Want me to head up the program committee? No problem. Chair the Regional event? Be happy to do it. HOWEVER… “that pain in the neck” has volunteered to be on my committee (again!). Apparently she admires my way of doing things and would like for me to mentor her.
But the questions she asks, the comments she makes, they drive me crazy. When she opens her mouth I can just see the whole meeting to go down a rat hole. Frankly, I think she has a personality problem. Maybe Dr. Jane could straighten her out.
The head of a company once wanted me to do the same thing. He wanted me to work with an individual who had “personality problems”. But I declined the request.
You see, my take on the situation was that the problem lay, not in the deep psychological structures of an individual (which none of us have the power or right to fiddle with anyway), but rather in the habitual work style behaviors of each member of the team. And in the area of work style, there was a lot we could do.
Work styles are patterns of customary, learned behaviors which we manifest when we come together in groups to get something done. Since work styles are learned, surface behaviors, they can also be unlearned or relearned with systematic instruction.
When we are working, each of us behaves within the context of a number of “styles”. For instance, in a committee meeting, learning styles, social styles, communication styles and inquiry styles are all operative.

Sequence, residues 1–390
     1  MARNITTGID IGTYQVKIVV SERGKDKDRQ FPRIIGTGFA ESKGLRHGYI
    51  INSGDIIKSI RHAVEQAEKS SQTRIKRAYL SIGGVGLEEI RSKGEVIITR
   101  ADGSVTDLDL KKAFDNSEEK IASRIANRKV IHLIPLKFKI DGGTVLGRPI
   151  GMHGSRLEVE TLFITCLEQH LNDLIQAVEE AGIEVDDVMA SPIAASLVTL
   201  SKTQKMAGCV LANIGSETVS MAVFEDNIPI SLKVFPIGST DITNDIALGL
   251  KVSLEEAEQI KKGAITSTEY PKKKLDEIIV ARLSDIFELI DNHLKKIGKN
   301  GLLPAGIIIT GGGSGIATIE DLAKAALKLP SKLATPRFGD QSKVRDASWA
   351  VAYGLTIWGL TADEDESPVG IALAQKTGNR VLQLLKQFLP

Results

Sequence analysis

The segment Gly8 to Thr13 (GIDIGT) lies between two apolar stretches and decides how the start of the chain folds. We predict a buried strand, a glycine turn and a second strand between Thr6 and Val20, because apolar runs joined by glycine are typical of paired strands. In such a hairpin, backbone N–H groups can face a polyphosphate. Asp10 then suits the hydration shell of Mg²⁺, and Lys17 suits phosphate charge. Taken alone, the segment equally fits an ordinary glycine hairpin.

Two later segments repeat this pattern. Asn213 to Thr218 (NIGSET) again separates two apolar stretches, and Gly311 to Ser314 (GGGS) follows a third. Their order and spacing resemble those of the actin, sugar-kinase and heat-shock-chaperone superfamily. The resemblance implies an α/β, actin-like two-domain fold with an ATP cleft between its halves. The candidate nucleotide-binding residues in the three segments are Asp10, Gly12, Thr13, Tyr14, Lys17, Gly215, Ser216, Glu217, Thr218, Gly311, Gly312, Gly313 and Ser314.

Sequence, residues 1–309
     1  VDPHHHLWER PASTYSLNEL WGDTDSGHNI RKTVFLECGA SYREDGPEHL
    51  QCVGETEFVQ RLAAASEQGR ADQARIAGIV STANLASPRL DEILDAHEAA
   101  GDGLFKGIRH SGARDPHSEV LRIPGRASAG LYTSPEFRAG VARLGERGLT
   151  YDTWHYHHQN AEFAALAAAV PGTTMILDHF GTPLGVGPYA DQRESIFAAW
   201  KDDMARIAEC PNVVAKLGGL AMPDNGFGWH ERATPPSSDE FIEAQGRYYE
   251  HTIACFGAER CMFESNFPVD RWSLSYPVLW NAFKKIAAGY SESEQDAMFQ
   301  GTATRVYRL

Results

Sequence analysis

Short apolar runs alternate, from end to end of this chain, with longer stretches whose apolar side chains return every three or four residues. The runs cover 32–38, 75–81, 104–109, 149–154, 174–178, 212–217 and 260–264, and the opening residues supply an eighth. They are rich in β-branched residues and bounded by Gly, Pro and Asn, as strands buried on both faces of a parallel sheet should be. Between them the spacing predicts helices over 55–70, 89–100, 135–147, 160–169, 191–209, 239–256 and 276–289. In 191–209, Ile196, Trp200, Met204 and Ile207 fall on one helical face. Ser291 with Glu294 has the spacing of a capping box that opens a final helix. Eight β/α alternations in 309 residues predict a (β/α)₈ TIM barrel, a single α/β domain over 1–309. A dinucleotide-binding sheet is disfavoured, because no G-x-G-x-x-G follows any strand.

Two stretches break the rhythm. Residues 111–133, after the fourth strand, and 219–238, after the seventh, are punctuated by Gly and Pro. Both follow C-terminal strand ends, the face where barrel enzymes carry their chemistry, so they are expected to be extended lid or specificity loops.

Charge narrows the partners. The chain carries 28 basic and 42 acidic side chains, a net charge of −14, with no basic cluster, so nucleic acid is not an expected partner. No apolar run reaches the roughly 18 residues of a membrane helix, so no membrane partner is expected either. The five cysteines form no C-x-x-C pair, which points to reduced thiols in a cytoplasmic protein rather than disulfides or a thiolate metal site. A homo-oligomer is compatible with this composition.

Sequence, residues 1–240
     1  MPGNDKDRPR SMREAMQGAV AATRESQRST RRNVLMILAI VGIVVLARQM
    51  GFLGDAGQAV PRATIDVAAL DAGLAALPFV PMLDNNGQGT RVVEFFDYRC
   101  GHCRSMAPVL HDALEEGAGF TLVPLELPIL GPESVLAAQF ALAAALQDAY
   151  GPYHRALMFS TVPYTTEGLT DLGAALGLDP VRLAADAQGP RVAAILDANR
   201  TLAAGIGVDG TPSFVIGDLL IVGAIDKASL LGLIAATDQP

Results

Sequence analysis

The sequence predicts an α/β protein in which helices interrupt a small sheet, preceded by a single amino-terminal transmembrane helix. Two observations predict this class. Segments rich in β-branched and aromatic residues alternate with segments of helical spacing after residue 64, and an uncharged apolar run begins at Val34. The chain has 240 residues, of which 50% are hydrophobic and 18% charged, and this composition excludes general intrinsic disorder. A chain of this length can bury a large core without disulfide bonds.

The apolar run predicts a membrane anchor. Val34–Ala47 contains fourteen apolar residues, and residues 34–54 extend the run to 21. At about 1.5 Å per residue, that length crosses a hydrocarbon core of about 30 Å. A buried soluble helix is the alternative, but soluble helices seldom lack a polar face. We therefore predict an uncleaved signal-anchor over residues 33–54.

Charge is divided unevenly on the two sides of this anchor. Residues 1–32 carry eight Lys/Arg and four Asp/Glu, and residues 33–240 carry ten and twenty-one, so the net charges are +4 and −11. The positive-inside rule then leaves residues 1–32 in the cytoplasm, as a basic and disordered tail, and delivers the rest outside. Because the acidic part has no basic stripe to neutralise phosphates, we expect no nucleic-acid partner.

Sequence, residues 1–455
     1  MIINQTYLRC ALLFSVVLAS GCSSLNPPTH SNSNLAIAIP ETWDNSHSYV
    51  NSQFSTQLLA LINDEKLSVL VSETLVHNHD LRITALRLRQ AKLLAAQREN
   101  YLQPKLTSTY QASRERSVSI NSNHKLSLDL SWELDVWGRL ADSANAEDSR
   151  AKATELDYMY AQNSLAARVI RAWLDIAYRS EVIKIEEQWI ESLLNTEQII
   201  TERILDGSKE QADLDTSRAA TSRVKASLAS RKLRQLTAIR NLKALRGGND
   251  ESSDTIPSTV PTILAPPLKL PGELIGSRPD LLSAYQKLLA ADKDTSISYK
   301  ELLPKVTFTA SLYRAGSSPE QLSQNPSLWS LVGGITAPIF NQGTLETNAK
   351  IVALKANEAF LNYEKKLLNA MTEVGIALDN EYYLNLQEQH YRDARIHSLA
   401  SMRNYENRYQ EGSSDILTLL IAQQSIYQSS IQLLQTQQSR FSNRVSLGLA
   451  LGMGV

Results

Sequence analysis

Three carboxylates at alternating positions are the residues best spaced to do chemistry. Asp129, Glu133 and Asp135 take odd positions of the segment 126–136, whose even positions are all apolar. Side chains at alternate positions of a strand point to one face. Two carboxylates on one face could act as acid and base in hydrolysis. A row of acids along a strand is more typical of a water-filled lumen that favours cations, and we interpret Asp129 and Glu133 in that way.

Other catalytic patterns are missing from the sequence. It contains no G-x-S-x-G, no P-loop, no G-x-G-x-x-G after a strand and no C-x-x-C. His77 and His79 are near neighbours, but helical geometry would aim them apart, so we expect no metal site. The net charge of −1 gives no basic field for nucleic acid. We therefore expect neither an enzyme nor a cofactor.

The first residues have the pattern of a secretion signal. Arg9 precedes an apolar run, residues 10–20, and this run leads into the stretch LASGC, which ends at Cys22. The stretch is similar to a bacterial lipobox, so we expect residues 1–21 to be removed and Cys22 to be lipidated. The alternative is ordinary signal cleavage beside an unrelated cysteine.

Take, for example, inquiry styles. Inquiry styles are the customary verbal behaviors we use when we are trying to find out what’s going on. There are five different inquiry styles, and each one focuses on and asks questions about very different aspects of a given situation.
For example, you may find yourself frequently using phrases like, “Well, let’s look at the facts” and “What would that look like if…?” These verbal behaviors indicate a preference for the Realist style of inquiry. Realists like to focus on facts.
The pain in the neck, on the other hand, may tend to say things like, “Well, it seems to me that…” and “What would that mean if…?” These verbal behaviors indicate a preference for the Idealist style. Idealists like to focus on values.
Now, the best decisions are made when every style perspective is represented. However, the stress of problem solving often causes us to lock into our own preferred style and shut out the style perspectives of others. When, I’m locked into my own style, questions from other styles seem dumb or quarrelsome. And so the Realist begins to thing the Idealist has “personality problems” (or vice versa).
To avoid this pitfall, you need to identify your own work styles, understand the strengths and weaknesses of the other styles and then learn to practice “stylflex”, adjusting your behavior, when necessary, to bring out the style strengths of others. Training in stylflex enables everybody to play into each others strong suit instead of into each others weak suit. And then nobody becomes a pain in the neck.